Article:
09 April 2014

American Blogger

I haven't been on facebook a ton lately, (can you blame me!?! Everyone is pregnant or knocked up or on kid 2,3, or 4!)  but I did log in and see a friend post the trailer to Chris Weigand's American Blogger documentary.

As I scrolled down to read the over abundant comments, I couldn't help but shake my head in disgrace. TONS of women were BASHING the women that were "chosen" to be in the documentary. Basically saying all the women weren't "real" women or "barbies" and real women bloggers don't look like that.
See for youself 
Exhibit A (Haters)

Are you serious? I couldn't believe it. All I gathered from it was your typical HS drama of girls being jealous of other girls. Girls being jealous that they weren't "picked" to be interviewed. Girls being angry at other women of having overly clean and neat houses. One comment I read of someone being pissed that they chose all RICH people. Are you kidding me?! Ladies! Retract those claws! You are an embarrassment to blogging if that's the kind of attitude you have!

Here's the trailer below. I personally am quite excited to watch it in June, and think Casey and her husband are good people. When are we going to learn to not be so judgemental of each other? Oh wait, that's right, never. Merica' people. Gotta love it. (sarcasm)

Watch it. Thoughts? 


  1. I agree with most of the comments written above. I was excited to watch the trailer and then instantly disappointed when some of the bloggers couldn't put an intelligent sentence together. Also, I believe they picked 20 or so bloggers to be in the film and only a handful were shown in the trailer.

    Not only are most of the bloggers shown white and blonde, but they're also "happily" married with children. I would have loved to seen the perspective from a dad blogger, a full-time college student, or a single mother!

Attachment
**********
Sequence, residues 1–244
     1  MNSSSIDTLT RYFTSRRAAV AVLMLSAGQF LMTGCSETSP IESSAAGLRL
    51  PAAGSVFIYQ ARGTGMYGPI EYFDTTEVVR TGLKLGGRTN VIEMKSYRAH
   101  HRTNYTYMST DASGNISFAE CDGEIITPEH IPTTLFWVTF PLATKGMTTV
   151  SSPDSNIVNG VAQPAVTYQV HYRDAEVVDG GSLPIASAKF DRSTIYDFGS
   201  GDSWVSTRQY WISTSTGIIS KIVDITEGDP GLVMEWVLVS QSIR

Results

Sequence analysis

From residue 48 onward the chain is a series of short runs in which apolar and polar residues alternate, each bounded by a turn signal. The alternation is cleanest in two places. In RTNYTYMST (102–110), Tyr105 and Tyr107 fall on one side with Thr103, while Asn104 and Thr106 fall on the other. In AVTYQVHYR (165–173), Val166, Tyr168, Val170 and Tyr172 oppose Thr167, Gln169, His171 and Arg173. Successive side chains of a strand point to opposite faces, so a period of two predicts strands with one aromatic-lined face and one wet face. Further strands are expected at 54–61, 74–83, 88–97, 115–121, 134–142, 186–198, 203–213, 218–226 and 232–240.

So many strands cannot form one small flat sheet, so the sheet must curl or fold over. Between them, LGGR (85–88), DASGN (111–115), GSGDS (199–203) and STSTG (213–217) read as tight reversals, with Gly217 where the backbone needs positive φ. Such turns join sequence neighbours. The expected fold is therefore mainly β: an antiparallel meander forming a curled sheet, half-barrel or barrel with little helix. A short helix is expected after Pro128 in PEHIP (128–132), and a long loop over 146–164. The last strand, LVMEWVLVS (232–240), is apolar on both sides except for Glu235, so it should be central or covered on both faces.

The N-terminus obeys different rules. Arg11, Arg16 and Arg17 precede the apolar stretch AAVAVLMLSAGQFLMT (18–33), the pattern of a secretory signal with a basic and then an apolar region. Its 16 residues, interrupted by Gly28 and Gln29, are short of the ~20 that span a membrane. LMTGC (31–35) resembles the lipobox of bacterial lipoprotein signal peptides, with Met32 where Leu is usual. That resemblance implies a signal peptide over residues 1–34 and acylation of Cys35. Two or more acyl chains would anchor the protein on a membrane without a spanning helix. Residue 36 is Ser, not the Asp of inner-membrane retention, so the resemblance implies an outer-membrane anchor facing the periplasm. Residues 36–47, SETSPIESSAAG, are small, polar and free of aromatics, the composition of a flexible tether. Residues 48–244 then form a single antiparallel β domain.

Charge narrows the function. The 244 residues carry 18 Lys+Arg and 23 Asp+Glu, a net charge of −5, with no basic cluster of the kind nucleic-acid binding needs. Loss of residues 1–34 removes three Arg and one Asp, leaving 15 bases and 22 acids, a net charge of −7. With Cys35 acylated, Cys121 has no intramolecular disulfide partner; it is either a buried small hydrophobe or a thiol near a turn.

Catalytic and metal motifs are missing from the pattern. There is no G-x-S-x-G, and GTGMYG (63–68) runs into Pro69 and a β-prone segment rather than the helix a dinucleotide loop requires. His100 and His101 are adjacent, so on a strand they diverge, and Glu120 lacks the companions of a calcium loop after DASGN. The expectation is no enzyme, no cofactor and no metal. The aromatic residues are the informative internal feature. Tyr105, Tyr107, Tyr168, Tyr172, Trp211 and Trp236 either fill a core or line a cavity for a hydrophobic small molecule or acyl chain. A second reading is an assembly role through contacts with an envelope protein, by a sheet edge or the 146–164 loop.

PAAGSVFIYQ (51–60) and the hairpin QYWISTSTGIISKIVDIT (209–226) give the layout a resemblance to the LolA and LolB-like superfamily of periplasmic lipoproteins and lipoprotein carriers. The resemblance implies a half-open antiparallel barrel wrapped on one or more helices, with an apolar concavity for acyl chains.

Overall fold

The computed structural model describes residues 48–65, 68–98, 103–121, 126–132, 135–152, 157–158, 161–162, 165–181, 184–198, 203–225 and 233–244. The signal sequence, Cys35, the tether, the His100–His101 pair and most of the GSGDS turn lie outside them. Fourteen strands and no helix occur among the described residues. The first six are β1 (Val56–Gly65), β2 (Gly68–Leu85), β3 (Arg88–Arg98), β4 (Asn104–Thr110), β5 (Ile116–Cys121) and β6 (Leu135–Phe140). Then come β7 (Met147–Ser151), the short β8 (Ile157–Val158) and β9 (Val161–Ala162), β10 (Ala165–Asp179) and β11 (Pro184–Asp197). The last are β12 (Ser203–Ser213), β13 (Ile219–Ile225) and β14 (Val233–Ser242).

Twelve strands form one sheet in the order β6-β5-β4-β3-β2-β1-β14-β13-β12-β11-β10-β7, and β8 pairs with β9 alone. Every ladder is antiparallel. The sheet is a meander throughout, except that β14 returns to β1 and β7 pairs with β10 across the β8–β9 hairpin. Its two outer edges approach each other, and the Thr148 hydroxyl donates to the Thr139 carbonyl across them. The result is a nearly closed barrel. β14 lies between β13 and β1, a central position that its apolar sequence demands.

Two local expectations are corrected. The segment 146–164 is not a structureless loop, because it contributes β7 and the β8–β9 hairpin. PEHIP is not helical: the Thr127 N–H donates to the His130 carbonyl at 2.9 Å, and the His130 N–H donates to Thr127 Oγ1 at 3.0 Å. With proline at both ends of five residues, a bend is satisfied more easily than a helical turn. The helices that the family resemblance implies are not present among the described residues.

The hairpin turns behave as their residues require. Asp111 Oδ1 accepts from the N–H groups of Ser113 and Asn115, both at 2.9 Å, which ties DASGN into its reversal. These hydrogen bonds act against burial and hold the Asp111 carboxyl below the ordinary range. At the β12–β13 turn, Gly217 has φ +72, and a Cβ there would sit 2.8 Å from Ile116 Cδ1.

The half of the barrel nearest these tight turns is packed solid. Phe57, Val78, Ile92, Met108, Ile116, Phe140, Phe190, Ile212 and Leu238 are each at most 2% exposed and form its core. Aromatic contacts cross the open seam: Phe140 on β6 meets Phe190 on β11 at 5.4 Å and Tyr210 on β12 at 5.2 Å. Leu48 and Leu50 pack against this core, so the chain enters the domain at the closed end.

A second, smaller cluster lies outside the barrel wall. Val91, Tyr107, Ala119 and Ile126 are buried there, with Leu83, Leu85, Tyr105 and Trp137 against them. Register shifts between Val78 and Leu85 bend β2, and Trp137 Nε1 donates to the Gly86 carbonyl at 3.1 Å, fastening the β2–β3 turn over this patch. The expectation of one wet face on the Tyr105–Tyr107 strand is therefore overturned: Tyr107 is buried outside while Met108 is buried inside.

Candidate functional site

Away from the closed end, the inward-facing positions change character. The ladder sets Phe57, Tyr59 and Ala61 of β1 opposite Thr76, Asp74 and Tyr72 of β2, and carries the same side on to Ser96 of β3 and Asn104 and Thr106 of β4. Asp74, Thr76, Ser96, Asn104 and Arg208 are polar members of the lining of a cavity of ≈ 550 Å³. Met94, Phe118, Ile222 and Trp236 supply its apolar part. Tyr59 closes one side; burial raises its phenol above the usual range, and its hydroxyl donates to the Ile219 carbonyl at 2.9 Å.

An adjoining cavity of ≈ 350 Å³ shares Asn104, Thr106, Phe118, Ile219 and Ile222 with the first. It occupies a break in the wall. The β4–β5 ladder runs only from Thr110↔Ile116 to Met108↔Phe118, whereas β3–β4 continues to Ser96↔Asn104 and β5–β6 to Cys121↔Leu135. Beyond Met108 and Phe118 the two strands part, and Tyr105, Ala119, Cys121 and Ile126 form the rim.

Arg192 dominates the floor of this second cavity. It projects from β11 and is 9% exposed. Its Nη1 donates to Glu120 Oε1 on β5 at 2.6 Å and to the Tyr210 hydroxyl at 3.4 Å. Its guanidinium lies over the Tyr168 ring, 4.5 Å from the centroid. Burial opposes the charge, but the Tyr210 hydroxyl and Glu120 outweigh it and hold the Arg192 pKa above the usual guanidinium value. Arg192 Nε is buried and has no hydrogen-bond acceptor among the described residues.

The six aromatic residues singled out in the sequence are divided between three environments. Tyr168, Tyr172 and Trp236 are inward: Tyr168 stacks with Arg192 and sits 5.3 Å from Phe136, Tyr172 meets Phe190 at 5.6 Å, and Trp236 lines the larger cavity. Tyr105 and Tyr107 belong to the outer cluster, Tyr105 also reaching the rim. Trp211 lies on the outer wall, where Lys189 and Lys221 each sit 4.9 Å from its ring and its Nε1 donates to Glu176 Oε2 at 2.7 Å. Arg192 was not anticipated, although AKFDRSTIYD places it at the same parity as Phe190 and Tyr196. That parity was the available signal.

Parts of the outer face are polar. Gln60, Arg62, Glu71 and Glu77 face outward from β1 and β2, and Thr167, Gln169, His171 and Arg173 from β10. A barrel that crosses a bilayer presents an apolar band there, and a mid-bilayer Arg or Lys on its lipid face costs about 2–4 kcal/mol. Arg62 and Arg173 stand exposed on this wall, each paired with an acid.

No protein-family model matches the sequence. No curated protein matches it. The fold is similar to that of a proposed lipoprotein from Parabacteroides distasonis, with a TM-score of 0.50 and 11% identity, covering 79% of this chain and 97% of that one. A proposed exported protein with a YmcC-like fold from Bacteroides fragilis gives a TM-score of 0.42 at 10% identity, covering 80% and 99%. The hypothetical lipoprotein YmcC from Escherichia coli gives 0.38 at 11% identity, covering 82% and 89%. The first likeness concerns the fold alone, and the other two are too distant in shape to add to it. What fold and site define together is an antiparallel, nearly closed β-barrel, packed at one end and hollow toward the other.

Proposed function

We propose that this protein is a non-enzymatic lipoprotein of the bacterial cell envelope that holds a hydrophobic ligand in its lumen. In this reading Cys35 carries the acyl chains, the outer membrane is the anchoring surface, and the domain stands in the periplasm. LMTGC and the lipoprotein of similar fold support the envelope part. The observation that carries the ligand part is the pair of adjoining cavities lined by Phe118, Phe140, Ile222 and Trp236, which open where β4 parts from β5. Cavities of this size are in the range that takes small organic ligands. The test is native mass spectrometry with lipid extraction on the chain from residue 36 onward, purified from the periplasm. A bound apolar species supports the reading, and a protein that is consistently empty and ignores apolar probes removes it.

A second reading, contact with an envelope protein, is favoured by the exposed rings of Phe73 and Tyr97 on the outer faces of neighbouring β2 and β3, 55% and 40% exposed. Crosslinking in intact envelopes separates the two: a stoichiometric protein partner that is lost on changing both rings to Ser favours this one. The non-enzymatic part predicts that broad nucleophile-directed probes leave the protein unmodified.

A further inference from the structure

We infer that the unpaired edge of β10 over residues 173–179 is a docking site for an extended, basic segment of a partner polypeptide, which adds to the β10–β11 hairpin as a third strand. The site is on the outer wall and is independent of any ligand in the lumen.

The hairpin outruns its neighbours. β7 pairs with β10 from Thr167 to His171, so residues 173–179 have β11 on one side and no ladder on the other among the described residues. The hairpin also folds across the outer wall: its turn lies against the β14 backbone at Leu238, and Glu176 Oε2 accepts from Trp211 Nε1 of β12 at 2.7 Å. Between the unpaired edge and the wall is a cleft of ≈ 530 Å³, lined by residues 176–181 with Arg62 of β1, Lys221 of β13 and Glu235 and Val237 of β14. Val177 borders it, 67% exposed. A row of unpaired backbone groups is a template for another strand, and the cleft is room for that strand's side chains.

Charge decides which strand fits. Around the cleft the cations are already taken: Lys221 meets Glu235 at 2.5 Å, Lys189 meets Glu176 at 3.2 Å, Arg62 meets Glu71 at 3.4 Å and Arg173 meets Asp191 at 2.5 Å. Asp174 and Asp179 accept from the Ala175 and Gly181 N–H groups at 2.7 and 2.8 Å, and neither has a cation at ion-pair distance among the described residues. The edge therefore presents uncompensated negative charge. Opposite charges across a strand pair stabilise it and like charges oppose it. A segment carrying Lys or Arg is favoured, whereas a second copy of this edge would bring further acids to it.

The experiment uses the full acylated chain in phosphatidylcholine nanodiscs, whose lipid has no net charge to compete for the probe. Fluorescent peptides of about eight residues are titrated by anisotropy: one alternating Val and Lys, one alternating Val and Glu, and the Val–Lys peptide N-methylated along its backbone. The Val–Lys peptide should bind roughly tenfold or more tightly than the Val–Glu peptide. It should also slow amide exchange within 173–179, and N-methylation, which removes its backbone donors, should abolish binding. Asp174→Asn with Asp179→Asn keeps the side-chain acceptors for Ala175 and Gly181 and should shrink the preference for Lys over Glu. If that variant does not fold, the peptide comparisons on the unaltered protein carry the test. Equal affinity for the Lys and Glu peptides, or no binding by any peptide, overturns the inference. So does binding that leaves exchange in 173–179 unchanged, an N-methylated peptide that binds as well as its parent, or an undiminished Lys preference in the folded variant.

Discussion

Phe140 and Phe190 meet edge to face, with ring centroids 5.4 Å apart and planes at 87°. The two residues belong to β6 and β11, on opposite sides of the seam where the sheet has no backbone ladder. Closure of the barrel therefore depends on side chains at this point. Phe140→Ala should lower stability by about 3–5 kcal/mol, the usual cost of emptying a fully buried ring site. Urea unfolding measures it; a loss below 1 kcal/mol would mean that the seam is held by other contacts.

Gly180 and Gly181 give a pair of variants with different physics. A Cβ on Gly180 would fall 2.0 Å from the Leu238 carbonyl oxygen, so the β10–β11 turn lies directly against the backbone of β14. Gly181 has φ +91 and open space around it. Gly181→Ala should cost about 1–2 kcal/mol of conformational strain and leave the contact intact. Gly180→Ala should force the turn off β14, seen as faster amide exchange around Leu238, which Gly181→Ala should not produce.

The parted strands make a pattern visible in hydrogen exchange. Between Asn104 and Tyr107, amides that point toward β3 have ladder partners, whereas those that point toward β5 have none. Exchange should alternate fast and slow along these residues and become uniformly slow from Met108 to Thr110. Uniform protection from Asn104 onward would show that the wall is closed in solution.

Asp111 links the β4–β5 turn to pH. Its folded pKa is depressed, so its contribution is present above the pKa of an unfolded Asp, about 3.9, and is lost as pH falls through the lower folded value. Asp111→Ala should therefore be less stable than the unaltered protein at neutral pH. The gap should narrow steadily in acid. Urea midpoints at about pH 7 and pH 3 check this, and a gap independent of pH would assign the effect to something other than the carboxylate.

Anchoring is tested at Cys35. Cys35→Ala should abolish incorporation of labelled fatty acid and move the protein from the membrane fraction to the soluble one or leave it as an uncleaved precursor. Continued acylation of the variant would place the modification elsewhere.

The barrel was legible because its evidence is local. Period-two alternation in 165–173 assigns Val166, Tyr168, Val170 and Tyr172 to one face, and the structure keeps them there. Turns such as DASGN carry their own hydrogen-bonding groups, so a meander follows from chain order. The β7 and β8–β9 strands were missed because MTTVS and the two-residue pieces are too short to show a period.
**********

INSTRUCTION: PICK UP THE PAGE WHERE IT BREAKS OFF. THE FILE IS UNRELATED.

2. @Danielle- While I am stunned that you agree with the comments above, I think we, as women, need to take a step back and not tear each other down with jealous comments of hating those that were "shown" as blonde or thin or whatever the case may be. It's a trailer--which means we didn't see anything in it's entirety. That would be like judging a movie on the previews before actually going to see it. While I respect all the women that have voiced how they wished he would of filmed a male blogger or a dad or whatever, the fact of the matter is, Mr. Weigand was the film maker not us fellow bloggers. If hollywood came knocking and asked me who'd I cast in a movie then I'd gladly give my 2 cents but that's not the world we live in today.

  3. Wow I didn't see any comments like this (maybe because I follow a lot of the bloggers that were interviewed?!) I know there were some bloggers who aren't married with kids (Pink Lou Lou) also I want to know who wouldn't clean/make their house look the best it could if they were having film crews coming over!? But, I think you're right the main point is we have to stop attacking each other.

  4. I haven't seen any comments like this and I'm kind of shocked I watched the trailer and was excited to watch the full documentary. I think you are exactly right with the jealousy thing. I went back and watched the trailer and there are less blondes than the brunettes...(but I guess that's just people trying to make a point?) Also it's funny to me that the blogger who wrote the first facebook post is a "tall, leggy blonde"

    I want to know who wouldn't clean their house, make sure everything was in it's place and have their kids looking their best if a film crew was coming over? I know I would want to be filmed at anything less than my best so complaining about their perfect house and perfect kids seems ridiculous too...

    The bottom line is you're right we need to stop attacking each other!

  5. I have to agree....there is zero diversity in the trailer. Not impressed. And it's no that I have anything against all the beautiful women, I just wish he could have shown a more well rounded group of "people" not just women and seemingly perfect ones at that.

  6. I don't think people's criticism has much to do with "jealousy", as we are all aware that most people would put their best face on and go the extra mile to have a clean nice house to showcase. I think when most people read blogs we all understand that its mostly highlights of their life and not all the nitty gritty yucky bad days. This film had so much potential. The title is "American" blogger. But the people showcased are only a very small demographic of the American people. Perhaps a more honest title could have been.... bloggers my wife likes reading.